It’s no exaggeration to describe tubers, root vegetables (tubérculos, raíces or víveres in Spanish) as iconic Dominican foods. If they were more photogenic they could easily claim a spot on the Dominican flag (not the edible variety) alongside the other national symbols featured there, if a vacancy were to arise.
In standard Spanish, the common name used for tubers in the DR, víveres, actually means the basic foodstuffs that are needed for survival. This gives us some idea of the importance of tubers for Dominicans. It also reminds me of the way the word for bread in Egyptian Arabic, aish, means life.
There’s always a story behind each of our recipes. Sometimes the story starts with us, sometimes it starts with you.
One of our readers asked for “a creamy chicken soup”. Later she reminded me about that chicken soup. What I didn’t tell her is that I was working on that “creamy chicken soup”, but it takes time to test a recipe, and then re-test it. Not that I heard any complaints. Finally, I got something that had the husband asking for seconds, and reheating the leftovers the next day.
Living in a tropical paradise certainly has its perks, and while right now some of our readers in the East Coast are complaining of their never-ending winter this year, I would be very careful not to brag too loudly, soon it will be summer here and I will be complaining every bit as loudly as they are.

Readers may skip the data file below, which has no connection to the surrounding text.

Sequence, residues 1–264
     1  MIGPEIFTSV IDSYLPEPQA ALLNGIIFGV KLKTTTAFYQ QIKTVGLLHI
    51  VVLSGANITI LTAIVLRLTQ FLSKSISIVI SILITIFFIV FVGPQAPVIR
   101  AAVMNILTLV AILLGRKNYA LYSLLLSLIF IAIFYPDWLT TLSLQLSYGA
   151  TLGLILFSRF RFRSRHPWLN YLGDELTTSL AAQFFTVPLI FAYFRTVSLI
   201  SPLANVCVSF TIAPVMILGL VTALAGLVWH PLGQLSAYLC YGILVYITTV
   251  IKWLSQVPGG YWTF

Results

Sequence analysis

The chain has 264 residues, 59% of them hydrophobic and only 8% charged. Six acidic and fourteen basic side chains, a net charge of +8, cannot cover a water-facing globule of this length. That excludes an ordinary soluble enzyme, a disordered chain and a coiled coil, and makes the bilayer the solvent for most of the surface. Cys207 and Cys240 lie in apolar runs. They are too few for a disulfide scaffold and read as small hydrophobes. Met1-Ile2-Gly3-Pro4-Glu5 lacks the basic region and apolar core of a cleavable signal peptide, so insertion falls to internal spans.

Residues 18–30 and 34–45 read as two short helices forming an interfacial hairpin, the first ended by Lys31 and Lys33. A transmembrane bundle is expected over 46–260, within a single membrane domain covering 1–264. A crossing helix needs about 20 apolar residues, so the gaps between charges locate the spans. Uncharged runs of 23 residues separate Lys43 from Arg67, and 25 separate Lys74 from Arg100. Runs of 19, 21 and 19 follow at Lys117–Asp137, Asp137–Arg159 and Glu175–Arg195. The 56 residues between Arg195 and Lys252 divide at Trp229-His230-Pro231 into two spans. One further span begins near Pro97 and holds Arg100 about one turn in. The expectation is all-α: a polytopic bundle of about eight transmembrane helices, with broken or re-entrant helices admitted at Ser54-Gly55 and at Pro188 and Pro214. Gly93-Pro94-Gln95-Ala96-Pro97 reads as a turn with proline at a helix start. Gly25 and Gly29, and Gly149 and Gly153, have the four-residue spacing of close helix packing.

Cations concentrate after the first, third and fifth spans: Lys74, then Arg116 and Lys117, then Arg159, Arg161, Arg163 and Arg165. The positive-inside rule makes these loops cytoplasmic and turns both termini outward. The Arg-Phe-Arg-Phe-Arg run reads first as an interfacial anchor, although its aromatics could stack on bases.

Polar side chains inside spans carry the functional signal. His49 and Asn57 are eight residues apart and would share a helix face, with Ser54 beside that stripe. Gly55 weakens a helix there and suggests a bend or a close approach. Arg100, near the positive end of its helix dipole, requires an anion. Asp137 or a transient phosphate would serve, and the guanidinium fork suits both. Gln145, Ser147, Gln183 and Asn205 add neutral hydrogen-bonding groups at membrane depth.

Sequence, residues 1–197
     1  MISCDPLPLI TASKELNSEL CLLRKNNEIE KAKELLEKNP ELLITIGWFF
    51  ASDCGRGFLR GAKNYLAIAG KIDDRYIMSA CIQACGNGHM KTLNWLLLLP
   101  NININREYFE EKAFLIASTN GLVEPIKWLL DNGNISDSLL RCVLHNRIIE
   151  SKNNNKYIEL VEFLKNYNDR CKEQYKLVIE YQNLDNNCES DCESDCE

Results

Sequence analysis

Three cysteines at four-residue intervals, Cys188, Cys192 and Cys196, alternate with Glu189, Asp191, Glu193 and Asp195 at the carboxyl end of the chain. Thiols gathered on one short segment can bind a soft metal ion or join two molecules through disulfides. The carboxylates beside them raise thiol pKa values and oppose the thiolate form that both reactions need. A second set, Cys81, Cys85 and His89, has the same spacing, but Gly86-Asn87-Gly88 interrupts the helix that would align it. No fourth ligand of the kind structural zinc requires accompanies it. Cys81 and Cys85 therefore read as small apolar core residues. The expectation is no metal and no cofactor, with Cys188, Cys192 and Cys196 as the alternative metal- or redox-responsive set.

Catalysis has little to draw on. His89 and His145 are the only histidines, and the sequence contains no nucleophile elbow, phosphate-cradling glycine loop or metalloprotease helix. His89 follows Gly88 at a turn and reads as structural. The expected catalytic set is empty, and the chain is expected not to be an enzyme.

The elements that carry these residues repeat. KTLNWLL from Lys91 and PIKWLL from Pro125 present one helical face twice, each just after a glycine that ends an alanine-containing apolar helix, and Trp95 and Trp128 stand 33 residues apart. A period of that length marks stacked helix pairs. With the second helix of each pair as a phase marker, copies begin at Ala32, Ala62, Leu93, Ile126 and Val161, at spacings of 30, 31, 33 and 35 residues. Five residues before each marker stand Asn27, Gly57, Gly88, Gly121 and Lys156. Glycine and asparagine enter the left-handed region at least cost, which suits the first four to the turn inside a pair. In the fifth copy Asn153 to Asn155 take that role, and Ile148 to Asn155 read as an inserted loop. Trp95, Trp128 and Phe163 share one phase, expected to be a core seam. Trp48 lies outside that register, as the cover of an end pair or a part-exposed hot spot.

You notice how the temperature changes where I live just by seeing what recipes I post each week. This is a good week for a cool drink, and since I love my cocoa in the morning, this creamy spiced cocoa is jut the way to go.
English speakers learning Spanish should become familiar with some of the common vocabulary pitfalls, embarazada and embarrassed being one of the most notorious. These are called false friends – the linguistic – not the human variety. Also known as false cognates, they are words that sound similar in both languages but do not have the same meaning.
When it comes to food a few more come to mind: Tuna is a prickly pear in Spanish, while tuna fish is atún – although some now call it tuna in Spanish too. Cola is a tail, not a carbonated drink. An abogado is a lawyer, not an avocado. Meringue is suspiro, not merengue, the Dominican national dance.
A pair of false friends with a particularly complicated relationship is lemon and lime. You’d think that lemon would be called limón and lime would be lima, but it’s not that simple.
I may not be Miss Cleo, but I know what you thought when you saw these Ripe Plantain Boats (Canoas) with Eggplants: 1) “That looks fine!”, and 2) “That’s not how you make Canoas!”.
Yeah, you’re right. Canoas — a Puerto Rican dish — is typically stuffed with minced beef, and the plantains are fried, which both give it a nice golden color, and also add quite a few more calories. There’s always a cloud for every silver lining.
The good news is that this version is very good. It will make your stomach and your waist equally happy.